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Re: Welcome from your moderator

I don't think I really understand and it should have very clearly stated in the beginning that you read the book as you go along or it seems as fast as Bob goes along. He is, in addition reading other books at the same time and appears to be an author himself so is perhaps approaching the discussion from a different view point. Anyway there were other references to events that happen very near the end which were moderator remarks so again I did not realize I would spill the beans. I did see the repeated sections divided by chapters but again just thought it was duplication for some reason since everything seemed to be repeated over and over etc. Be that as it may, I still think you have to mention some of the plot and action in order to analyze the characters and the story the book is trying to tell us. I really appreciate Claire Messud response to my question about the use of so many parenthesis and dashes to convet her stream of consciousness thinking. I knew what it meant just thought at times somewhat excessive. It was the first time I "conversed" with an author even though I live across the street from a large Barnes and Noble store where they do have many author signings and sightings. I have to admit that the word that really got to me was flummox. Never ever heard anyone in N.Y.C. use it. There were others also that you would need a dictionary for. I should have writted them down had I known there would be a club. You will know them when you see them. Don't mean to sound flippant but if I want to read Shakespeare would read Shakespeare. Will try to jump in time and time again when I sense others have caught up- never thought it would go on for a month. I liked the book not clear if I would recommend to friends and family. Ididn't love it and although the characters may be real they were not my favorites and as the saying goes would not cross the street to meet them and can't say whether I'll even remember them for long.
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KathyH
Posts: 47
Registered: ‎11-25-2006
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Re: Welcome from your moderator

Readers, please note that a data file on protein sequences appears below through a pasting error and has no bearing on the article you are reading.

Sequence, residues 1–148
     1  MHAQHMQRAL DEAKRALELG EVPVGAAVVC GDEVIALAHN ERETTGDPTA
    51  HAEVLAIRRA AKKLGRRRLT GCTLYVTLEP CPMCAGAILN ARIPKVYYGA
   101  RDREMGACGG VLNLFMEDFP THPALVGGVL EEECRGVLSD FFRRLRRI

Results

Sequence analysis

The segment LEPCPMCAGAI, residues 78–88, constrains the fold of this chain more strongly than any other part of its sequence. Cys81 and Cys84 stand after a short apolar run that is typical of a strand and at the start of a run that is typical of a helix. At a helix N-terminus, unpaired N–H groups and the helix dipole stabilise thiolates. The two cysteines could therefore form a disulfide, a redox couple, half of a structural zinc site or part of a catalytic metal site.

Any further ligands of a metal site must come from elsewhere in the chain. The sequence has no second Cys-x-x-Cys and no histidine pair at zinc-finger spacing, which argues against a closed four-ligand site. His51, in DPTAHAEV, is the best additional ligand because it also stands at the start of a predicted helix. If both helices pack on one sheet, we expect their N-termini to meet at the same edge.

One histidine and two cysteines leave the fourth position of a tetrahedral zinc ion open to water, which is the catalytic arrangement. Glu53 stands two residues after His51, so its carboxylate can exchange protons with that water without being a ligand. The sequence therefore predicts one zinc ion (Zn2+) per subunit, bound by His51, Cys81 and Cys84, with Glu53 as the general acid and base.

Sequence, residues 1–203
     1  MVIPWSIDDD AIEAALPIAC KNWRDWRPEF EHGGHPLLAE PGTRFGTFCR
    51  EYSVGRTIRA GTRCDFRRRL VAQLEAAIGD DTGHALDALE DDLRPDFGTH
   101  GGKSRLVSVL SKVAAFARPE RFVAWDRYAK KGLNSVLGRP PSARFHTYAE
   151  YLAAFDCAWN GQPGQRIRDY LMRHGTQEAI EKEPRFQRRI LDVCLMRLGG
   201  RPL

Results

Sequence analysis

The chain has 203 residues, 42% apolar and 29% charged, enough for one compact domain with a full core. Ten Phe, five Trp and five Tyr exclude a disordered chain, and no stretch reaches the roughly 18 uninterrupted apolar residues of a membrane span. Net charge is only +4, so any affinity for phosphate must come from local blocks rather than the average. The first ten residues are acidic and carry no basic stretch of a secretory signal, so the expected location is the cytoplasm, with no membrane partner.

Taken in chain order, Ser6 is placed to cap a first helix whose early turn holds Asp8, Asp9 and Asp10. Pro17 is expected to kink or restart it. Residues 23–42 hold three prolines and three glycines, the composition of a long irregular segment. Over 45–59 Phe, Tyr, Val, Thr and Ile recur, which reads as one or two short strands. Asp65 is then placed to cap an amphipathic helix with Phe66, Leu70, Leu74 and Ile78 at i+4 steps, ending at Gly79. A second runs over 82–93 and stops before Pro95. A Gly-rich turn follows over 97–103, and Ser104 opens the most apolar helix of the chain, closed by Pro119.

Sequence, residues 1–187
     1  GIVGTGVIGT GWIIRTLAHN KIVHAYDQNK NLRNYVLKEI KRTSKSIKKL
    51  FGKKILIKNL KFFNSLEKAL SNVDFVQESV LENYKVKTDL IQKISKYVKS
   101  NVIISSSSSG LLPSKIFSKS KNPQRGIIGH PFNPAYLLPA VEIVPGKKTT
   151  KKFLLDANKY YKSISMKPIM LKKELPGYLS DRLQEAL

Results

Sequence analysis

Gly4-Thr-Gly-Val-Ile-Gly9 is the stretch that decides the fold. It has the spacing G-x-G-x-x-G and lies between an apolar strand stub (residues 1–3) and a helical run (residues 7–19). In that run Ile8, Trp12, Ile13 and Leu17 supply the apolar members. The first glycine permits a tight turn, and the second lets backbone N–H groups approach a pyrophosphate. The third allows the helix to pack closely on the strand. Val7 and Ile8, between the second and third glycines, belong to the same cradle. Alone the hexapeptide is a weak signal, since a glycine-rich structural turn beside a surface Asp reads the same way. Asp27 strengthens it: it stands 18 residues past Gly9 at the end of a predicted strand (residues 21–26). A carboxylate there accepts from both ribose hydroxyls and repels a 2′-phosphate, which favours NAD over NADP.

Hi Walrus,

I just received this book and two others I want to read and discuss, so this weekend I'll read them. The one on the history of the Korean War may take more time!

Please keep reading readers' posts and jump in. There are too many "viewers" and not enough "participants," in my opinion. I love to hear what other readers think and on what tangents their reading led them.

As for reading with a dictionary, you might tackle The War of the World by Niall Ferguson.

KathyH
Inspired Scribe
IBIS
Posts: 1,735
Registered: ‎11-22-2006
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Re: Welcome from your moderator

Hi Walrus, please continue to jump in and post your thoughts. We need more input, and its always good to have many people at the table.

I agree with you that these characters are not very likeable; I found them frivolous, maddening and full of themselves.

Some books have marvelous, lovable people that you can't help but fall in love with, like Jane Eyre or David Copperfield, so you continue reading because you want to know more about them, and what will happen to them.

Other books have great plots, like suspense novels, where characters are not always well written, but you continue reading because you want to know how it all ends.

This book is different. It's the style of writing that holds my attention. If you've read Jane Austen, you'll know what I mean. The author writes about people she's spent a lot of time with observing, studying. She knows them inside and out. It's up to the readers if they like them or not.

But it's the WAY that she writes about them, exposing their flaws and their imperfections. That's one thing that so good about this book.
IBIS

"I am a part of everything that I have read."